Even though he's not "on" TV, Spacey's power-hungry Underwood feels right at home in today's television landscape. The audience's introduction to the character is perhaps darker and more nihilistic than almost anything you ever saw on The Sopranos. There is one difference, however: While Frank is performing this potentially off-putting act, he's explaining his worldview directly to the audience — that is, to the camera. There is a lot of voiceover in House of Cards.
"I think it's a strong choice. It's certainly unorthodox," Willimon says of breaking the fourth wall, which is one of the aspects he chose to retain from the original miniseries. "When your hero or antihero speaks directly to the audience, suddenly they become active participants as opposed to passive observers. It almost forces them to have an opinion. And sometimes their opinion conflicts with their expectations." Spacey likens the experience to Shakespeare's Richard III, which he recently played in a globe-trotting production. "I had the experience in 12 cities around the world.. [of] looking in people's faces and discovering the relish and the glee and the kind of excitement that an audience has about being let in on something that they don't think anybody else is being let in on," he says.
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Naturally, Frank's corruption spreads. Peter Russo (Corey Stoll), a loutish third-term Philadelphia congressman who's an embarrassment to his party, becomes Frank's first pawn on the Hill. He also ensnares Zoe, who uses Frank's leaks of key pieces of legislation to go from gossip blogger to front-page star.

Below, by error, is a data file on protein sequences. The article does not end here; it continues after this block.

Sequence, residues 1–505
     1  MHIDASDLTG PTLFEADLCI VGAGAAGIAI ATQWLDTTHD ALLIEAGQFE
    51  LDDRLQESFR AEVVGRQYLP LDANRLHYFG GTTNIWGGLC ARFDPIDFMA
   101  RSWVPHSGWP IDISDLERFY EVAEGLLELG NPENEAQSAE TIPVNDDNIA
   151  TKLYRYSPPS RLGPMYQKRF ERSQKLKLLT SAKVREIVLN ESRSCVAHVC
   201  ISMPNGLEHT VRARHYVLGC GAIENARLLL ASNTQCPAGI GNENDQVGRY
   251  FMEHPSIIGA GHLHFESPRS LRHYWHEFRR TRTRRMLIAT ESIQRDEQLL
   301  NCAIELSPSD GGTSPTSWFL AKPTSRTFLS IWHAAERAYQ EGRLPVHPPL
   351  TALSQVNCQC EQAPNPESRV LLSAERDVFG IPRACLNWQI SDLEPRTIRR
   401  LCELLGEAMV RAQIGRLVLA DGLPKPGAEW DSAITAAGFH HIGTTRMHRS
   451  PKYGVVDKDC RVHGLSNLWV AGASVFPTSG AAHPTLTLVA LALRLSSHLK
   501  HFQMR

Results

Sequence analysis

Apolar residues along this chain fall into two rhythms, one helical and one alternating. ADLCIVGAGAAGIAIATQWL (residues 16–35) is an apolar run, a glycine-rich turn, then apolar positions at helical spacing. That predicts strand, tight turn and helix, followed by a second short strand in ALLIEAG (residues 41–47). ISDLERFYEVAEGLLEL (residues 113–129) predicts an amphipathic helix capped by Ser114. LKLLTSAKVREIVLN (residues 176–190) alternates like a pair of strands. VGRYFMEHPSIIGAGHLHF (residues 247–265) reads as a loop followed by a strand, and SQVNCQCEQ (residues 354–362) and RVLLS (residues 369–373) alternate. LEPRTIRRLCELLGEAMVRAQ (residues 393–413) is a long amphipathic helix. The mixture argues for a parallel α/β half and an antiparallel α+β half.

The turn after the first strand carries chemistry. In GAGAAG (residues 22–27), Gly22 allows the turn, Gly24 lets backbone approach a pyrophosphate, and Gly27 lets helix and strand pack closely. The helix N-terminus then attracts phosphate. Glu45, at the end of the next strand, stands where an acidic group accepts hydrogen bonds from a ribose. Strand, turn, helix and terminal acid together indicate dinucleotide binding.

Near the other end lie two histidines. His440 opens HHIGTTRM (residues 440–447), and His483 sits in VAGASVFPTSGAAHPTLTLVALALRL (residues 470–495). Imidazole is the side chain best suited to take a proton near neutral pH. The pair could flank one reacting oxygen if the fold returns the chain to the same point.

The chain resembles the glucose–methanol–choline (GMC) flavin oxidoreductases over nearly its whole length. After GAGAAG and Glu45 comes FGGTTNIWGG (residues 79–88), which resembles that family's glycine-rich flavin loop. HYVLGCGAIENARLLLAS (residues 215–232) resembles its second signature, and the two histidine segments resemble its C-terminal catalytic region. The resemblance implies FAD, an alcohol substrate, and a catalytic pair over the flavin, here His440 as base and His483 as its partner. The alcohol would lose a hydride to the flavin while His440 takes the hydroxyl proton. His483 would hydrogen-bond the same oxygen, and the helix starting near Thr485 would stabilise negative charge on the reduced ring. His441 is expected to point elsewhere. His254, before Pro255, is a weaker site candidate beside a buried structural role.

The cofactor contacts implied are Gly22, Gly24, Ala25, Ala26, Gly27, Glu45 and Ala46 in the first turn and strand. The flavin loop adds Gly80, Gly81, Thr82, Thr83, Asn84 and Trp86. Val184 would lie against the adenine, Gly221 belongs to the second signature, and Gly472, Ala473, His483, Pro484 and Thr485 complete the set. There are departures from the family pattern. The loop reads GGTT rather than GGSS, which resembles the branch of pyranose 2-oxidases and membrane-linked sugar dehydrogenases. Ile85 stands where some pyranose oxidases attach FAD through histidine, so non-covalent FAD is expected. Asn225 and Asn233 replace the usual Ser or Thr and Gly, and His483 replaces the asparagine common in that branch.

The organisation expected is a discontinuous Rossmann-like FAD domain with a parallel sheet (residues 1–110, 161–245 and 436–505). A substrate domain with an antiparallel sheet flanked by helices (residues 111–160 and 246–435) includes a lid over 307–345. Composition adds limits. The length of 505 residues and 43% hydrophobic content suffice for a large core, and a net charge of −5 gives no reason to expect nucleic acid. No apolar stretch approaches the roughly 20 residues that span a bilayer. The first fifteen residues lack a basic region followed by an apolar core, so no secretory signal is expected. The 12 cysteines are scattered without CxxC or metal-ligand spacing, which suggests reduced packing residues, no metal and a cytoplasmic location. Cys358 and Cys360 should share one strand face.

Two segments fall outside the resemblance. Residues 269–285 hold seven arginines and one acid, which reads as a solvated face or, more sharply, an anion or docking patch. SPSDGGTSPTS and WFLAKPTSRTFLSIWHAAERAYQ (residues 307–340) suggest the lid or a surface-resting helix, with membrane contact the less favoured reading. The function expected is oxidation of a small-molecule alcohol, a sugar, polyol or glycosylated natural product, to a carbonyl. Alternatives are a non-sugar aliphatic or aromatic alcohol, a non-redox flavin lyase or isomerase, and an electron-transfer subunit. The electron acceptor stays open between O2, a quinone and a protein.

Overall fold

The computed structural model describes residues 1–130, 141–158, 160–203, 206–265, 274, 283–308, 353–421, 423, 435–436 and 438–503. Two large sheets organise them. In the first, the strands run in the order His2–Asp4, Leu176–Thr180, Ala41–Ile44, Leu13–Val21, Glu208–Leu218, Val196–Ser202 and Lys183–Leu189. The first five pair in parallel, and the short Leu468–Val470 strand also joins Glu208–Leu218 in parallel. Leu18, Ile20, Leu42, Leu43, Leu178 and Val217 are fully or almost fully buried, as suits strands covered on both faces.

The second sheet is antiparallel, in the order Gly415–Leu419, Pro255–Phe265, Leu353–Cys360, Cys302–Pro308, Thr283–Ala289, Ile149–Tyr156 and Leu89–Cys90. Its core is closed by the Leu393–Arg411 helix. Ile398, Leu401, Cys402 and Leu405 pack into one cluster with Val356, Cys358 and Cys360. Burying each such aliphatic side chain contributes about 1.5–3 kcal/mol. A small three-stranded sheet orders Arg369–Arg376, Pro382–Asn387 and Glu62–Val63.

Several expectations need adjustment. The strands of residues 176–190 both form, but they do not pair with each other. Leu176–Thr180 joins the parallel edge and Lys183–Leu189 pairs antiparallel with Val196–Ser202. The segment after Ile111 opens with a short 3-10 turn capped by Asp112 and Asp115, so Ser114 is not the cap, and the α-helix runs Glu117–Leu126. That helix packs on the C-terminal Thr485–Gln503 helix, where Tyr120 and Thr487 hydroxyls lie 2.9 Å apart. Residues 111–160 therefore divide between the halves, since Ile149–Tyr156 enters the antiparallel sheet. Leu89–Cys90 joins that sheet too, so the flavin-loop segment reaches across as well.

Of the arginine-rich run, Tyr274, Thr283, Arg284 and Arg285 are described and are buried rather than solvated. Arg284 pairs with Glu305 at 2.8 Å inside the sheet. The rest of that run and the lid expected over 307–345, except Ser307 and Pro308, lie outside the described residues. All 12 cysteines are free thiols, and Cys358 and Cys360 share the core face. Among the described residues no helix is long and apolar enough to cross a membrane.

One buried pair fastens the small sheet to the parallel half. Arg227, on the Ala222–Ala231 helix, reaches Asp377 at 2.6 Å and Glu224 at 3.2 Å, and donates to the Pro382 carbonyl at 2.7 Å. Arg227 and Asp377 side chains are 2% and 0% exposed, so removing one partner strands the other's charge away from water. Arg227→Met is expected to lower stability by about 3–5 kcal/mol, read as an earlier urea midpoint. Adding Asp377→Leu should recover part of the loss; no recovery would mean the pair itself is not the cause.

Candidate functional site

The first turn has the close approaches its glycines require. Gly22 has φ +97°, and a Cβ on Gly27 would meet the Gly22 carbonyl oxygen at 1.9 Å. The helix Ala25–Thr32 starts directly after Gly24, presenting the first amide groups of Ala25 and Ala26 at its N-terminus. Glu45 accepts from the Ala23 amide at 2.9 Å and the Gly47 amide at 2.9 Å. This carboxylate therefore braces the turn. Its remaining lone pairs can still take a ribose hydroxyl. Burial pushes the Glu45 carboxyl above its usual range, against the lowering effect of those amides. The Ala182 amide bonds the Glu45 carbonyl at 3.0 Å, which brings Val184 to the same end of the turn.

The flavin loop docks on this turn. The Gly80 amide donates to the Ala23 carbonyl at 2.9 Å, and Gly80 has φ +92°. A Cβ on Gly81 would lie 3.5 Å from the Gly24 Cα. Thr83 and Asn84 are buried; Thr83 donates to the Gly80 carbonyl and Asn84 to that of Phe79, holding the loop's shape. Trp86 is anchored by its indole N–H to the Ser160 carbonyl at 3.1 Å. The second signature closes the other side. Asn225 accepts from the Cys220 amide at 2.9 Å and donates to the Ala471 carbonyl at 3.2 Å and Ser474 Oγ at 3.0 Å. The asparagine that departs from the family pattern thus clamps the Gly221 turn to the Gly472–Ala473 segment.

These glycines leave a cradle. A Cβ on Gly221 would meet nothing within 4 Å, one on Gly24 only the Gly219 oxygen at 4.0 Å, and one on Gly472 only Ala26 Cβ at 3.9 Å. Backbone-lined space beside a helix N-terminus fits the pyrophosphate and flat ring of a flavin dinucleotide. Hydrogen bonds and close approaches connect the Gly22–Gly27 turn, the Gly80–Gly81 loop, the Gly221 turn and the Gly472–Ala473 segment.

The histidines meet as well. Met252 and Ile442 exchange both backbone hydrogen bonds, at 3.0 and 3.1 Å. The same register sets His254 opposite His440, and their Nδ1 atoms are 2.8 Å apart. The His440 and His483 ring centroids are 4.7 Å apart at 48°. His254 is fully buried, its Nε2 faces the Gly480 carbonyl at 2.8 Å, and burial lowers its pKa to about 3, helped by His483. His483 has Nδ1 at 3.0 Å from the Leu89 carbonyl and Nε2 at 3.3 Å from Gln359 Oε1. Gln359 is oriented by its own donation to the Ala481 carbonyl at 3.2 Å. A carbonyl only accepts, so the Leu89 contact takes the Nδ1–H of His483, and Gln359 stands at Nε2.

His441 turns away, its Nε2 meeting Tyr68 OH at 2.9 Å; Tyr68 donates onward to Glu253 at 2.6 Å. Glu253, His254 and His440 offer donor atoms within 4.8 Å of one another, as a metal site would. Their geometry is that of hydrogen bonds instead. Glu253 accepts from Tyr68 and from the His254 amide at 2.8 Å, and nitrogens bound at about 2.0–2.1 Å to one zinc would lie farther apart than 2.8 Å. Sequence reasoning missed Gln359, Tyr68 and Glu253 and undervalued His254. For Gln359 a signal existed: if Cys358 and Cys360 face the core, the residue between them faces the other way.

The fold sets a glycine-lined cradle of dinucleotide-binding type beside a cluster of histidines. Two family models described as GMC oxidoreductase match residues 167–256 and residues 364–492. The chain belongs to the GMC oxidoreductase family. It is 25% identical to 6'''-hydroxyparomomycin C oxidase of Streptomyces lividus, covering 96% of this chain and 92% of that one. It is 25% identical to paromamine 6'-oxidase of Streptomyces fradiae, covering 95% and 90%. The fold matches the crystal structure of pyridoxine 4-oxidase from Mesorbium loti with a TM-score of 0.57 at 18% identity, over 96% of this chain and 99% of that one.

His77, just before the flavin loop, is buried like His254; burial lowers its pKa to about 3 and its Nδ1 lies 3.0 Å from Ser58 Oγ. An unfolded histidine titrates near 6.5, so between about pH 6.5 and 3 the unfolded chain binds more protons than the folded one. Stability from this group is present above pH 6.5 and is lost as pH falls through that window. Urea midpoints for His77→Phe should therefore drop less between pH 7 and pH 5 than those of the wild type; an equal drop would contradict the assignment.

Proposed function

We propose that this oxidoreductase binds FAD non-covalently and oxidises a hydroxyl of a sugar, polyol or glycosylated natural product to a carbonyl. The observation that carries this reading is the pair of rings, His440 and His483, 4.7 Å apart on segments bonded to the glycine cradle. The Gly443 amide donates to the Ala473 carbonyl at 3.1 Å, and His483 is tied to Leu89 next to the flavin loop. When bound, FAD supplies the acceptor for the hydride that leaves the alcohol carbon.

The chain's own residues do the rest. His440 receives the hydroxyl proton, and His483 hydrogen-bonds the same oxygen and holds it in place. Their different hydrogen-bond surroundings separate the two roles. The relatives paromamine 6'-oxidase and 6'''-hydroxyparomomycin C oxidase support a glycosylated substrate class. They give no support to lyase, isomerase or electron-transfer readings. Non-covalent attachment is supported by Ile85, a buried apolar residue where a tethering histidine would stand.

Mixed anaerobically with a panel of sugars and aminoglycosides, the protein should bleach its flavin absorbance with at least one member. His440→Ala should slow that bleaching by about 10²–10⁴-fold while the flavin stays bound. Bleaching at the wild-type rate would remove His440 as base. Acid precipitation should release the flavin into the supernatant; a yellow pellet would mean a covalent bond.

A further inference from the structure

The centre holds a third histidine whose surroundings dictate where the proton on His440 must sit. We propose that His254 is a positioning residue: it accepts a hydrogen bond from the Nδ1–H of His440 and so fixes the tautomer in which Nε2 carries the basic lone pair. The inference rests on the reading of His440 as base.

And at first blush, Claire, who runs an altruistic clean-water nonprofit, seems to be nothing more than a very supportive wife. But she has her own agenda. "To be powerful you have to be feared, and what does that entail, to be the feared? You have to annihilate everybody else to gain another rung on the ladder," Wright says, sounding very Macbeth-like herself. "That's just classic laws of war. It's old, it's archaic, that tenet. That is what Francis has built and we are part of it together."
Although Willimon insists he's not trying to paint everyone in Washington with the corruption brush, he does argue that, unlike our nation's current Congress, Frank gets things done. "[Do] I personally want to see more Francis Underwoods in Washington? That's a tricky question," Willimon continues. "I, just like anyone, abhor a lot of the things he does, but I appreciate and respect his own personal honesty. There's something refreshing about the character who says, 'I am unapologetically self-interested. I want power for power's sake. I'm not going to try to hide that from you and what I offer you in return is progress. This is what effectiveness looks like. Decide for yourself whether you condone or condemn the way in which I achieve progress.'"
Whether or not Netflix's big bet on House of Cards indeed creates a new definition of what TV will be in the future, Willimon has created a character that celebrates the villains of the past and will certainly strike a chord with viewers of television present. "I don't know what that is that draws [us] to those people," Willimon says. "But if I had to speculate, I would say they give us permission to indulge in the darker aspects of ourselves that we simply can't sustain in our everyday lives. ... We all have some of that darkness in us, and when we get to see a character who engages in that sort of behavior to the extreme, they're doing for us what we can't do ourselves."
All 13 episodes of House of Cards first season are available now on Netflix.